current record must already exist in the parent table t_sample or the
record will be rejected and the following message will be displayed:
*** User Error: insert constraint 'sample no. not in t_sample"
For tables residing in external databases, the parent table name
will be prefixed by the name of the database.
Section 5 lists all the kina tables as implemented by the Empress
RDBMS. As can be seen in the listing of the tables, a table's primary
key has an unique index on it. Primary keys are generally listed
using the following format:
UNIQUE index_name ON (attribute[, attribute])
where attribute(s) make up the primary key and the index name is
the primary key name. These prevent records with duplicate keys from
being inserted into the tables; e.g., a record with an existing
The database listing (Tables 1-5) show that the tables also have
indices on many attributes. That is, attributes that are most likely
to be used as a searching key have like values linked together to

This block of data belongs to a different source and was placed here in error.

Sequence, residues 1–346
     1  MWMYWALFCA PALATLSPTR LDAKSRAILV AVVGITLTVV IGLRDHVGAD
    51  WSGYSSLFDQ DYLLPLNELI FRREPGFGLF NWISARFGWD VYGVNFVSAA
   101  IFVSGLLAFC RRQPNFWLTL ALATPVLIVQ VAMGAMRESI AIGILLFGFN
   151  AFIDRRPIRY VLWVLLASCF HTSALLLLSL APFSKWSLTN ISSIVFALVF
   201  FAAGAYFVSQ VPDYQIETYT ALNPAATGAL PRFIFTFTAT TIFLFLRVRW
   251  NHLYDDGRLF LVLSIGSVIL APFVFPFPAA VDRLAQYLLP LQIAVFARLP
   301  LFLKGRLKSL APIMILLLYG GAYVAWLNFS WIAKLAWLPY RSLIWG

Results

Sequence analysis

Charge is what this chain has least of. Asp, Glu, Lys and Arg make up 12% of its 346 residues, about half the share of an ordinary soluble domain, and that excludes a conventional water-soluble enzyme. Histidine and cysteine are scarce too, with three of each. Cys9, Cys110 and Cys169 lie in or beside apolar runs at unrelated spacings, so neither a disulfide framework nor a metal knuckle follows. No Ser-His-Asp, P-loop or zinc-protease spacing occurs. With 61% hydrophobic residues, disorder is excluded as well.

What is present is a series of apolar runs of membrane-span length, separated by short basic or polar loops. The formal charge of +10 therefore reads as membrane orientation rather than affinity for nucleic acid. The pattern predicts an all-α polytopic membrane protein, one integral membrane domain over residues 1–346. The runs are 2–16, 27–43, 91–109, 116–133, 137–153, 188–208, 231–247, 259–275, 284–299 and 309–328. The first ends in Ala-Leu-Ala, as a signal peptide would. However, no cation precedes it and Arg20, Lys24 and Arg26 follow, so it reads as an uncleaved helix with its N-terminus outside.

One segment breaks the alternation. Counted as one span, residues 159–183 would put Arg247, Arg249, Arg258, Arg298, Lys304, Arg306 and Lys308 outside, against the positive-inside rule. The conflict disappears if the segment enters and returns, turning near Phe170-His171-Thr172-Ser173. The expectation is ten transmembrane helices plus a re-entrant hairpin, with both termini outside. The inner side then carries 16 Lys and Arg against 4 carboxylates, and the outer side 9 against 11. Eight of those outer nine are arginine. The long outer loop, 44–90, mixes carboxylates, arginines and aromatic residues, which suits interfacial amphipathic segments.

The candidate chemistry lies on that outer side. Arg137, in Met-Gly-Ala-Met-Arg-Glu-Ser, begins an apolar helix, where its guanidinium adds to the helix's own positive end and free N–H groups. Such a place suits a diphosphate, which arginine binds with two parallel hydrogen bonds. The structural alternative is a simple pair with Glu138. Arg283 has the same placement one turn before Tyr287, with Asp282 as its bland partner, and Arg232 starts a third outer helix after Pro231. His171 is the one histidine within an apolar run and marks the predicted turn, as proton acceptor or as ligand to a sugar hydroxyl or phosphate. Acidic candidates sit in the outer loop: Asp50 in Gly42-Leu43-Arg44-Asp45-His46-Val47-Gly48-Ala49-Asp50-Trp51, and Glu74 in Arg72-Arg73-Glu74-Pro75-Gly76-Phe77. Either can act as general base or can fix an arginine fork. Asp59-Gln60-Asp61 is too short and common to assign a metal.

speed up searches. These indices are listed using the following
NORMAL (2, 15) index_name ON ( attribute[, attribute])
Note that indices may be simple, pointing to one attribute or
composite pointing to more than one attribute. The numbers "...(2,
15)..." in the syntax are Empress RDBMS default values relating
to the amount of space allocated for the index.
3.2 Database design
The overall database design is influenced by the duality of its
function: to store commercial catch and effort data (from the SOP and
where necessary, the participants); and to store biological
information (from both the SOP and Marine Research).
3.2.1 Commercial catch and effort data structures